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Building the E-Business Infrastucture Product Image

Building the E-Business Infrastucture

  • Region: Global
  • 352 Pages
  • Business Intelligence [part of Optima Media Group]

Few in business today are unaware of the power of e-business to transform whole organizations. Yet any organization hoping to exploit its potential must develop an infrastructure that can cope with the demands of e-business. Are you prepared? Many e-Business opportunities fail due to inadequate infrastructure. With Building the e-Business Infrastructure discover how you can successfully exploit e-business opportunities Put simply, e-business is the application of sound business principles via modern, global,technology-based communications media. As such, it reaches far and wide, affecting everyone from staff to management, players to competitors. e-Business must address business models, values, operational dynamics and include both audience and enterprise. Infrastructure determines how easily corporations can respond to the increasingly urgent demands of its executives, how they can respond to the "fast-food" data requirements of modern business, and the competitive nature of a global marketplace. The technical infrastructural elements of e-business consist of internet and server technologies, hardware and software. That is, the internet, intranets, extranets, networks, READ MORE >

Chapter Summaries
Chapter 1:The e-Infrastructure Challenge – Opportunities and Problems
This chapter serves as an introduction to the changes taking place that fall under the broad heading of e-business. It provides models to help the reader e-business maturity. It also describes what we call the ‘infrastructure perspective’ – a way of looking at and translating between infrastructure and organizational needs.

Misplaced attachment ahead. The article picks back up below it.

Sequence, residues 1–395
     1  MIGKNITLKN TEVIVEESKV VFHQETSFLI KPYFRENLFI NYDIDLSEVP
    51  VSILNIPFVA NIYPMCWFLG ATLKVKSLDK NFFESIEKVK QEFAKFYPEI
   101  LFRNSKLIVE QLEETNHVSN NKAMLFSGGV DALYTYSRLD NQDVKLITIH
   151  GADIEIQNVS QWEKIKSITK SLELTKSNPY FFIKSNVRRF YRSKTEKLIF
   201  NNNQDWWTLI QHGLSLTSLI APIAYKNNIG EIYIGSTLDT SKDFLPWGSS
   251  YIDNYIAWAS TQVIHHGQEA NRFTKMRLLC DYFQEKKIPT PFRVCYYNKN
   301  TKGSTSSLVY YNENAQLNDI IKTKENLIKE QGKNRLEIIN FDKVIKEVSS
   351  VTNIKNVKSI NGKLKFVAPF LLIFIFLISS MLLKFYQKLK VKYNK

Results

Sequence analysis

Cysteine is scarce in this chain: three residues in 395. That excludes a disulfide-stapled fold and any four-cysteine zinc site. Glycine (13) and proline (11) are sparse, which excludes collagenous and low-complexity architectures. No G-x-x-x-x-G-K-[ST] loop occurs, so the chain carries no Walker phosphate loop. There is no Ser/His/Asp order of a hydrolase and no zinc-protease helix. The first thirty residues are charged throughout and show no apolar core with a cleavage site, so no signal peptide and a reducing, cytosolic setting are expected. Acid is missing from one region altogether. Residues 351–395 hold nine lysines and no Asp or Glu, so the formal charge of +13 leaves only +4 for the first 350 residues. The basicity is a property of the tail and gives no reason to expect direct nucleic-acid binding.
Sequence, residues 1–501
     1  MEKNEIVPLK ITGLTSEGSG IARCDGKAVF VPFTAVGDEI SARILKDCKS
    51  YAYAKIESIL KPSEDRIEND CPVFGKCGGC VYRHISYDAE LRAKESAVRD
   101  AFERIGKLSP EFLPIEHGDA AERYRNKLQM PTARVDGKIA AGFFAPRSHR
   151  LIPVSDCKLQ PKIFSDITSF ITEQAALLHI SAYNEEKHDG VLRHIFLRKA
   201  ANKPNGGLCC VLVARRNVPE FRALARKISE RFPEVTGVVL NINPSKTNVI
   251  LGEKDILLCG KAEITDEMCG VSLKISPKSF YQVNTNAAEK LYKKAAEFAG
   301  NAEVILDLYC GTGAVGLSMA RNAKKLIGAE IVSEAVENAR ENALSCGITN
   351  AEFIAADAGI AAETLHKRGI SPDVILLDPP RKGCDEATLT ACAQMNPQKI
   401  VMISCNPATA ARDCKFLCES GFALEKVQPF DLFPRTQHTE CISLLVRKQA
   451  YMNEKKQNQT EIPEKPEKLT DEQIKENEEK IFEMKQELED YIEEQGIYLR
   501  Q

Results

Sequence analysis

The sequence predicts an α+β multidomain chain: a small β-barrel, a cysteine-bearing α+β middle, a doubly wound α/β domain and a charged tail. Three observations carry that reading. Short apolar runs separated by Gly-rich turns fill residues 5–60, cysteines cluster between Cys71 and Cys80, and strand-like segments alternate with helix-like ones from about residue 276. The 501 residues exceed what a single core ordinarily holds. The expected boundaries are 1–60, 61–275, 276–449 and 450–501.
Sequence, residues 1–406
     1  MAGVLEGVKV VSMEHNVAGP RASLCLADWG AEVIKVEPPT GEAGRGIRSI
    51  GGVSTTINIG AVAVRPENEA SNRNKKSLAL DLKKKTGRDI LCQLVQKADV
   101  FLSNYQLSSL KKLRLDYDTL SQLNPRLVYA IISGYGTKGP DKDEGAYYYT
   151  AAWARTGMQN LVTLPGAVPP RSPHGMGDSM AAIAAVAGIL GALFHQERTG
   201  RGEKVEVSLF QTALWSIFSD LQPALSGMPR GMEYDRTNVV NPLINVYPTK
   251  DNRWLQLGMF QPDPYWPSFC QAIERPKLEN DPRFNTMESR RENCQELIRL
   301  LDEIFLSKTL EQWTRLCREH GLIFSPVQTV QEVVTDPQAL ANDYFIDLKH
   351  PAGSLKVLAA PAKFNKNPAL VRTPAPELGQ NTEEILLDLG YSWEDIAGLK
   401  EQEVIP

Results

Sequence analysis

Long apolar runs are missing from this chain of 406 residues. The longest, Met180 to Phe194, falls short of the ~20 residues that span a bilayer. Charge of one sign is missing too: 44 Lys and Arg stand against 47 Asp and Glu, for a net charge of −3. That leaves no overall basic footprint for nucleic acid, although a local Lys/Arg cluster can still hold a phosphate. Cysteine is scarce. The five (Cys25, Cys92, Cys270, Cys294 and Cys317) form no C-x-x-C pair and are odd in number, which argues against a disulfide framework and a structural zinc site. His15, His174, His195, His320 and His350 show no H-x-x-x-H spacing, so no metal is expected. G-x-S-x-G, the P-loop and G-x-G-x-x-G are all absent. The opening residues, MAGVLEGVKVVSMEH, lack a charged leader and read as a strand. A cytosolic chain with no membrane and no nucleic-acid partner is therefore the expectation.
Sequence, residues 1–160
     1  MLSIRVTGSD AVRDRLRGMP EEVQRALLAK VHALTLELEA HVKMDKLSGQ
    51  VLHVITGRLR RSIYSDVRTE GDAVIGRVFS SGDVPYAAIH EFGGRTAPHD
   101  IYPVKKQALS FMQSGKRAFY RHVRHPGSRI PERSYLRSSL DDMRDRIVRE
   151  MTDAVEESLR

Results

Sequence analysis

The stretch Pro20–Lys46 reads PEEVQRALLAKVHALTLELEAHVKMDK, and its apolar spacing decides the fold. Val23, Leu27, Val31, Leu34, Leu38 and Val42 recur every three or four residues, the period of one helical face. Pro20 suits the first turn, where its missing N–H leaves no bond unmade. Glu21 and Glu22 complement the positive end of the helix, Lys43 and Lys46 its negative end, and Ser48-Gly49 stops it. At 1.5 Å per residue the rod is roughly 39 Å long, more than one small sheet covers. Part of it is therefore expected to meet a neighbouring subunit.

Chapter 2: Information Infrastructure for Business-to-Business
This chapter addresses the currently most important area of e-business activity – B2B. It encompasses e-procurement, supply chain integration, internet exchanges and internet market-places. It explains the principal opportunity areas, identifies the component building blocks that enable companies to exploit these opportunities and addresses the standards and integration issues.
Chapter 3: Information Infrastructure for Business-to-Consumer
This chapter addresses the business-to-consumer space (B2C). Although in less favour than previously, there is still a high level of actual and predicted activity as many retail operations adopt a mixed clicks-and-mortar strategy. We look at the principal components of a B2C applications architecture.
Chapter 4: Information Infrastructure for Intra-firm e-Business
This chapter explores the infrastructural implications of intranets. A core component of e-business is the potential efficiency gains to be achieved through self-service internal business processes. Information and knowledge sharing is the other main area of benefit from intranets. This Chapter explores the infrastructural implications of intranets.
Chapter 5: Global Infrastructure for Global Business
This chapter explores the growing demand for firms to make a common offer to their customers and the role of web technology in enabling companies to meet such demand. It describes some of the trends in global e-business, draws attention to the implications of a company’s approach to global branding and considers the infrastructure issues from two viewpoints: the global corporate IT unit, and the country IT unit.
Chapter 6: Driving e-Business Infrastructure
This chapter confronts the leadership challenge. Most especially, it highlights the organizational rather than technological nature of infrastructure. It addresses the problem of how to organize for e-business and what implications this has for infrastructure management. It also addresses the problem of winning business support for IT infrastructure by: identifying the reasons the problem arises; proposing how to understand and position infrastructure in terms that business executives can understand; and making suggestions for ways to achieve a common understanding throughout your company.
Chapter 7:Technology Platform and Architecture